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25 Aug Optimising your Informed Consent Forms for translation

Historically, informed consent forms (ICFs) have been far too complex for the average adult patient to understand. Full of jargon and convoluted language, they are barely intelligible by the patient… and a medical translator’s worst nightmare. Thankfully, and in line with other areas of institutional documentation, things are changing.

Did you know that ICF translations differ if recipient is above or below 16 years old?
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One approach being adopted in the English-speaking world when penning an ICF is to consider the reading age of the target patient population, meaning the document should be written as if, say, for a 16-year old. The John Hopkins Medicine Institutional Review Board, for instance, recommends writing for an eighth grade reading age (13-14 years). This does not mean dumbing down and to do so would be patronising and unethical. Rather, for the most part, it means using what is referred to as “plain English”: simple sentences, no jargon and a straight-forward tone.

Whatever the language, care must be taken at the authoring stage to ensure that the meaning of the text is clear. This is doubly important if you need your ICF translated: any ambiguities in the original text can lead to problems during the translation process, while excessive complexity must be decoded and, depending on the brief, reproduced. Both are susceptible to misinterpretation and both can add hours to your bill.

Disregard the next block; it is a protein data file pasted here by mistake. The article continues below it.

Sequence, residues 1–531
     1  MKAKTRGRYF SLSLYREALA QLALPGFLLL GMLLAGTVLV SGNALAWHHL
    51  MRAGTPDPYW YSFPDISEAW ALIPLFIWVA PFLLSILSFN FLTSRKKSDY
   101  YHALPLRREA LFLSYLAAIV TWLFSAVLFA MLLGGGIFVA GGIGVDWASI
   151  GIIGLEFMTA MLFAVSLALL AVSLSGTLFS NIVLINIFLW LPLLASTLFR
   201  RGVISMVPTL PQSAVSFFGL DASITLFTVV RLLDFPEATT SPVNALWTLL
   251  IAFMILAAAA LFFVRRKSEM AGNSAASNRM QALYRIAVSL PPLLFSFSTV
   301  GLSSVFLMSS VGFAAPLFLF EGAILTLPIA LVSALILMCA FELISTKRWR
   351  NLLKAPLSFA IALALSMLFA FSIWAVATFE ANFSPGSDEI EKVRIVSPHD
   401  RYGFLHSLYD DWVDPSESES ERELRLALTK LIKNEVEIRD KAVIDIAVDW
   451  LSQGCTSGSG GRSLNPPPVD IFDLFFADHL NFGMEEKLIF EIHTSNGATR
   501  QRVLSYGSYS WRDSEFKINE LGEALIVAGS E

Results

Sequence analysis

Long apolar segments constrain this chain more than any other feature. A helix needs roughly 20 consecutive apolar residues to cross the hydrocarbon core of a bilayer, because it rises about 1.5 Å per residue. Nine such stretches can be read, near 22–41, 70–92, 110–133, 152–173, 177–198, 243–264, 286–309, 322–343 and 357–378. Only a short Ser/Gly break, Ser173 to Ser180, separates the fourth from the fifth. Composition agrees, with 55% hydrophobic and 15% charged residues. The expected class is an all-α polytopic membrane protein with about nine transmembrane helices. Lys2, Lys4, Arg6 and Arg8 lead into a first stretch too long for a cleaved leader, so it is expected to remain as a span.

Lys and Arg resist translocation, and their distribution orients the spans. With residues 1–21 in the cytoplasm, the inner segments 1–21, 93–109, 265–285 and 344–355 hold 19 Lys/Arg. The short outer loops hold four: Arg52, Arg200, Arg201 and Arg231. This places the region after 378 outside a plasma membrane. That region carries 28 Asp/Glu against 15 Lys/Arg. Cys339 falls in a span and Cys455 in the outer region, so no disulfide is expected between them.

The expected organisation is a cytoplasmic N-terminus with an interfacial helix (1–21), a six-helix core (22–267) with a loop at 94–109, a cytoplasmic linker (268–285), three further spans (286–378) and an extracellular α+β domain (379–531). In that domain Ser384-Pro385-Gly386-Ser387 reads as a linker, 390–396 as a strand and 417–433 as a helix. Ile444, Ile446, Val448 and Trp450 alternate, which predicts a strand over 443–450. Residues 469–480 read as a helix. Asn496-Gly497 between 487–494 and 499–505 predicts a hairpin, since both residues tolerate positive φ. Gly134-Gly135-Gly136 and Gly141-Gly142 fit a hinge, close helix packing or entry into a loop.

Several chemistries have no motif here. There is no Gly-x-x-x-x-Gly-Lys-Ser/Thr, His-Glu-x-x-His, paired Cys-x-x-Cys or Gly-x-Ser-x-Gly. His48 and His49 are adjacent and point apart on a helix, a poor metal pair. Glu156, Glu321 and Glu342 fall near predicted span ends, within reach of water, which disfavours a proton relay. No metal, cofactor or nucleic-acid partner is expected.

So what can you do to make your ICF medical translations more cost-effective?

If you are still at the authoring stage, you can consider the following starter recommendations:

  • Write in short factual sentences, where possible obeying the subject-verb-object word order.
  • Use words familiar to a non-medical reader. Where technical terms cannot be accurately substituted by a lay equivalent, a definition should be provided.
  • Avoid colloquialisms, cultural references and jargon.
  • Be consistent in your use of drug or procedure names, personnel references and other defined terms.
  • Assume little to no prior knowledge on the part of the patient.

If your ICF has already been written and approved, do not lose heart. Work with us to create a Translator’s Guide, to be sent to the translator with the ICF. This document will include everything from a comprehensive style guide, preferred translations of key terms (customised glossary) to explanations of any ambiguous sections identified at this stage. This kind of preemptive troubleshooting will ensure that the translation process runs smoothly and on time.

Let’s be honest, your ICF translation is never going to make for bedtime reading. But it should serve to inform and, by informing, reassure the patient should they wish to independently consult the document at any point before, during or after the intervention in question. An unreadable (or inexpertly translated) ICF is a missed communication opportunity, and communication is central to patient well-being and satisfaction.

Let Okomeds’ specialised medical translation service help you make the most of this opportunity.

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